The rest of the survey goes pretty quick and after a few hours all three teams are done. You reconvene in the conference room attached to the bridge. No one found anything out of place, the ship appears to be safe and secure. You make sure that everyone has a meal and takes their meds before returning to cryo and thank Bedia for all her help today. She’s done a good job. You ask her to have a written report ready for next time if anything happens while you are asleep, that way you can read it while you guys go for a walk instead of her having to explain something she potentially isn’t as familiar with as the other wardens. Just a quick summary of everyone’s notes for the interesting things. She nods.

And with that you tell everyone they did a great job today, you’ll see them in several years. Smiles all around, and Bedia wishes you all sweet dreams as you return to your cryo pods.



Year 8 AD, colony ship Absolution:

You are running on a new planet, howling winds and fierce storms chasing you across a blasted and barren plain. The white star in the sky is obscured by clouds of toxic gasses, your environment suit struggling to filter them from your air as you search for the crawler. You were sure it was around here somewhere, but all the static electricity is messing with your comlink and you can’t reach anyone. Lightning strikes near you, the sudden energy and heat causing parts of the atmosphere to react with others, a literal trail of fire into the sky. White vapor wafts from the pillar of flame, settling on and melting anything it touches. You start to run faster. The lightning continues to fall from the heavens as if you had angered some vengeful deity from ancient days. The hab is gone, the crawler is your only salvation from this hellscape. Where is it!?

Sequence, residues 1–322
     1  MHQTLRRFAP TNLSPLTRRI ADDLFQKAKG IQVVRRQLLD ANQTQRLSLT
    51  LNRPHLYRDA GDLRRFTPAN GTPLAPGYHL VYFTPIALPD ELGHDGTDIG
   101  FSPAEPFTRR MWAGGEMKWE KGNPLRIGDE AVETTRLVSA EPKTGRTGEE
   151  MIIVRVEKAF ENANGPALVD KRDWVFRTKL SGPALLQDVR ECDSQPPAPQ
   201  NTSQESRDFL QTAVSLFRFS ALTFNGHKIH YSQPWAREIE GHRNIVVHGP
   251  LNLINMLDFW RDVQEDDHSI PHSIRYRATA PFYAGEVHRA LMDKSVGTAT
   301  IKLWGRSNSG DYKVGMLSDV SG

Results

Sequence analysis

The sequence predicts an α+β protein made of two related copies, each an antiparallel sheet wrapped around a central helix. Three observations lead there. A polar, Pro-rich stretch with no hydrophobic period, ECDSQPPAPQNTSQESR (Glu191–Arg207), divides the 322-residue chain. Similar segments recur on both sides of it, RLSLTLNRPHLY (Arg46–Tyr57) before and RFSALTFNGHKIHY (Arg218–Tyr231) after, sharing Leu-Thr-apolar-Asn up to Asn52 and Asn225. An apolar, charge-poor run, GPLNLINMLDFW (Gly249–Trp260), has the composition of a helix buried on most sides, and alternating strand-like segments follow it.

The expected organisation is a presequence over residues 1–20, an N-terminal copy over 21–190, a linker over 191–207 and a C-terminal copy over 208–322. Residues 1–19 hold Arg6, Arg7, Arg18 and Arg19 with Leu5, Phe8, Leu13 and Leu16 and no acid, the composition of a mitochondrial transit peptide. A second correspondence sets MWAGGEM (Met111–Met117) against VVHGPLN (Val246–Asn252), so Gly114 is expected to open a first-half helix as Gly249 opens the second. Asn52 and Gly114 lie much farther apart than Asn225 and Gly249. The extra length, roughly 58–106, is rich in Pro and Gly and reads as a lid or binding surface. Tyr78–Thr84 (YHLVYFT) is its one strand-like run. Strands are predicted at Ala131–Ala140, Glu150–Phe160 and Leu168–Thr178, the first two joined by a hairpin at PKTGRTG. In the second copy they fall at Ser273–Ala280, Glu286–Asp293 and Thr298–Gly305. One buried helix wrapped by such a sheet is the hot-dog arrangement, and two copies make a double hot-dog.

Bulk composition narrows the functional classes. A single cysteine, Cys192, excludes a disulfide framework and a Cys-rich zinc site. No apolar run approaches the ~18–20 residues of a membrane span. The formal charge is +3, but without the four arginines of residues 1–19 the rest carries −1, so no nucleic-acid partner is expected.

Your pod chamber hisses and clicks open. What the hell was that dream about? That was horrific, almost as horrific as this headache. Was it this bad last time as well? You recall it being pretty bad as you stumble towards your desk, where you placed a bottle of water and your meds before you went to sleep. You collapse into the chair and choke down the pills and the whole bottle of water. Your head is spinning and you reach for the waste basket you put here just in case. You retch, but manage to keep everything down. It helps that there isn’t much to keep down anyway, but the pills don’t taste great going down and you don’t want to try the other direction.